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ARS Home » Northeast Area » Boston, Massachusetts » Jean Mayer Human Nutrition Research Center On Aging » Research » Publications at this Location » Publication #229435

Title: Cognitive impairment in folate-deficient rats corresponds to depleted brain phosphatidylcholine and is prevented by methionine without lowering homocysteine

item Shukitt-Hale, Barbara
item Smith, Donald
item Selhub, Jacob
item Rosenberg, Irwin

Submitted to: Journal of Nutrition
Publication Type: Peer Reviewed Journal
Publication Acceptance Date: 9/4/2008
Publication Date: 12/1/2008
Citation: Troen, A.M., Chao, W., Crivello, N.A., Shukitt Hale, B., Smith, D., Selhub, J., Rosenberg, I. 2008. Cognitive impairment in folate-deficient rats corresponds to depleted brain phosphatidylcholine and is prevented by methionine without lowering homocysteine. Journal of Nutrition. 138(12):2502-2509.

Interpretive Summary: Older adults with insufficient intake of folate (a B-vitamin) may be at higher risk of cognitive decline and dementia, as compared to individuals with adequate folate levels. However, it is unclear how folate deficiency impairs cognition. To better understand how folate deficiency might cause cognitive impairment, we fed rats folate deficient diets with or without additional methionine (an important amino which is conserved by the body with the help of folate or lost by the body if folate is insufficient). Rats fed the folate deficient diet without added methionine performed more poorly on a test of memory and learning than rats fed the folate deficient diet with added methionine. However, this impairment was prevented by adding methionine to the folate-deficient diet. Indeed, rats fed the folate-deficient diet with added methionine performed as well on the test of memory and learning as rats fed a control diet containing adequate folate and normal methionine. The cognitive impairment that was caused by folate deficiency corresponded to a reduction in the content of phosphatidylcholine (a fatty component of cell membranes), and adding methionine to the folate deficient diet this reduction. Our findings provide evidence that one way in which folate deficiency might harm the brain is by limiting the brain’s supply of methionine and/or phosphatidylcholine. Phosphatidylcholine and its related choline compounds are important nutrients, and they can be used to produce the brain signaling molecule acetylcholine. Our findings indicate that maintaining adequate dietary intake of folate and choline is important for healthy brain function.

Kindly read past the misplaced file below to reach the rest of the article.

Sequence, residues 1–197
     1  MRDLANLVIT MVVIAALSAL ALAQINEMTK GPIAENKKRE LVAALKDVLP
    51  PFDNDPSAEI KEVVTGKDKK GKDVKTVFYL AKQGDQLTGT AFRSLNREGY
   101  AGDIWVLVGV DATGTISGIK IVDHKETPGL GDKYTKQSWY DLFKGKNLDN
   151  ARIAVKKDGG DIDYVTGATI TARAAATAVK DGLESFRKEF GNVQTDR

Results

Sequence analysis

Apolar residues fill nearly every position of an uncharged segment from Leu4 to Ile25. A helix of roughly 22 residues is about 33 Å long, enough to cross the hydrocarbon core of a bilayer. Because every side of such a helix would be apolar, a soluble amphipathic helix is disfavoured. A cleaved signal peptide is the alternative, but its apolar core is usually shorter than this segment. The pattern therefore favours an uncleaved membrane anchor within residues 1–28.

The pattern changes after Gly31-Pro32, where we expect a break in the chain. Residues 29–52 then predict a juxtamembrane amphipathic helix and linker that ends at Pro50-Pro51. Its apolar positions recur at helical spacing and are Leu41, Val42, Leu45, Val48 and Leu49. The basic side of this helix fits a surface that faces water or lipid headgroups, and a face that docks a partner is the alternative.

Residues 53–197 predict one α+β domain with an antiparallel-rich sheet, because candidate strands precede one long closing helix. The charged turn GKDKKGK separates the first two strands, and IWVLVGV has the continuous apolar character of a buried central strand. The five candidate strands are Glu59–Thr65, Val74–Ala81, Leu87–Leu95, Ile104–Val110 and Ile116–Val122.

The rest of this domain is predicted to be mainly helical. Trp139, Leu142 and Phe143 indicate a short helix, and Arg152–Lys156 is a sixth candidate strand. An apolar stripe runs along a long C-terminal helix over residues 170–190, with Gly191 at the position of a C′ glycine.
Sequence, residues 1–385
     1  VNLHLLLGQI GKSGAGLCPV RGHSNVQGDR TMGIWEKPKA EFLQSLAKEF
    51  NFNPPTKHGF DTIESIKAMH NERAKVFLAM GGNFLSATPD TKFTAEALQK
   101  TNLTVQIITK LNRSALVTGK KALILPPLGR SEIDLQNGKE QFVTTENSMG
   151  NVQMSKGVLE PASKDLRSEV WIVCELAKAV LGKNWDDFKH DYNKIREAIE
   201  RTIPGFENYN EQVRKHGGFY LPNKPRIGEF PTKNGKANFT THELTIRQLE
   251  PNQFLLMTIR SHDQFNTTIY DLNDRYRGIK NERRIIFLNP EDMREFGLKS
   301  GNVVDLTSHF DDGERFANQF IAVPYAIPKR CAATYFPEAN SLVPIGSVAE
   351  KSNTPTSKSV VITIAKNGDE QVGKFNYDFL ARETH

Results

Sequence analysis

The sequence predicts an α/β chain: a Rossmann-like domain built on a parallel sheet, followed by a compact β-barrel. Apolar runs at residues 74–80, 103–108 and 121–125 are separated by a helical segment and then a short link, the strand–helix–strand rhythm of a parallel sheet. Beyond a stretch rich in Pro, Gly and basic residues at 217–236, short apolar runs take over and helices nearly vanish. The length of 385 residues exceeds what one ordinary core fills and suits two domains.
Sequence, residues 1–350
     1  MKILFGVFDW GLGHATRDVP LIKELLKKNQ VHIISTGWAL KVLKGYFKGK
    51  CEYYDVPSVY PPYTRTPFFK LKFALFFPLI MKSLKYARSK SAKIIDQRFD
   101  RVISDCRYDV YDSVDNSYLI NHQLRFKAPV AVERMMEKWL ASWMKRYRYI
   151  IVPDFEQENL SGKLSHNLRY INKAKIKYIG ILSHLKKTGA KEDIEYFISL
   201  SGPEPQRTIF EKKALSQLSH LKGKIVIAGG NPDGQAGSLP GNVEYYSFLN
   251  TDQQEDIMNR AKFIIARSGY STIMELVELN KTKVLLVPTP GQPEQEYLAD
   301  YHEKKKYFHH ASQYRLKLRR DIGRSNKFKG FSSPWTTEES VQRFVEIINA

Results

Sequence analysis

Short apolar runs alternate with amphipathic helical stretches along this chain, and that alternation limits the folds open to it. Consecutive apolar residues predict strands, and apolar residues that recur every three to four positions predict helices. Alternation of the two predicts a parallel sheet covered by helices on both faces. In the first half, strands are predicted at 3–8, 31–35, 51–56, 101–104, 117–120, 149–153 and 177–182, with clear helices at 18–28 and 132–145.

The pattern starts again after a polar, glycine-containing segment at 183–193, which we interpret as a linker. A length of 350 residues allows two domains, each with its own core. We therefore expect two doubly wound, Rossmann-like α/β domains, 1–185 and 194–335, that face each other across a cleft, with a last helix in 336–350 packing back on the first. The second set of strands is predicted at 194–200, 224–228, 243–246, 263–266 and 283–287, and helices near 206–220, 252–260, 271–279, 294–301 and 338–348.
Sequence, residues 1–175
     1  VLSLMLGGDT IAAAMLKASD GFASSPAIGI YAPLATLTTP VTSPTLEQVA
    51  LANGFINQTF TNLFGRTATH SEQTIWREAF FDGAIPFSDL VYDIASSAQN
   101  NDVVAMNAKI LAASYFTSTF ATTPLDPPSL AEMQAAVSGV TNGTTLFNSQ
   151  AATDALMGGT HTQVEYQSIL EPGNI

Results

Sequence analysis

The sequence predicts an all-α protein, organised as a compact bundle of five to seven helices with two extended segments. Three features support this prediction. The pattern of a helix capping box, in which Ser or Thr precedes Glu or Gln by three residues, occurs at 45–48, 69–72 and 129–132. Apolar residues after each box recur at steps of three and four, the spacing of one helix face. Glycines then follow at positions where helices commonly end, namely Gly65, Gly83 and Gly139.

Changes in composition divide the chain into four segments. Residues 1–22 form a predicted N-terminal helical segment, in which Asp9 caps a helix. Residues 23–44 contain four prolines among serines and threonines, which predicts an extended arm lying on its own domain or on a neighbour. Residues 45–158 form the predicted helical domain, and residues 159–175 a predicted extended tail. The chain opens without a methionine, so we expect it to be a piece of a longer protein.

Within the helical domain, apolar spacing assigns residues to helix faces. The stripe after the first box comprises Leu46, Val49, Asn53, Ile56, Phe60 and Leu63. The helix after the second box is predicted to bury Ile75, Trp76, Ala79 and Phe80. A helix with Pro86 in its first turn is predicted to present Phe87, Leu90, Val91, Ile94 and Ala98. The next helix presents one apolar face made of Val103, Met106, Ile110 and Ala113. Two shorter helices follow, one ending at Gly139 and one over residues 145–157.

Technical Abstract: Poor folate status is associated with cognitive decline and dementia in older adults. Although impaired brain methylation activity and homocysteine toxicity are widely believed to account for this association, how folate deficiency impairs cognition is uncertain. To better define the role of folate deficiency in cognitive dysfunction, we fed rats folate deficient diets with or without supplemental methionine for 10 weeks, followed by cognitive testing and tissue collection for hematological and biochemical analysis. Folate deficiency with normal methionine impaired spatial memory and learning; however, this impairment was prevented when the folate-deficient diet was supplemented with methionine. Under conditions of folate deficiency, brain membrane content of the methylated phospholipid phosphatidylcholine was significantly depleted, and this finding was reversed with supplemental methionine. In contrast, neither elevated plasma homocysteine nor brain SAM and SAH concentrations predicted cognitive impairment and its prevention by methionine. The correspondence of cognitive outcomes to changes in brain membrane phosphatidylcholine content suggests that altered phosphatidylcholine and possibly choline metabolism might contribute to the manifestation of folate-related cognitive dysfunction.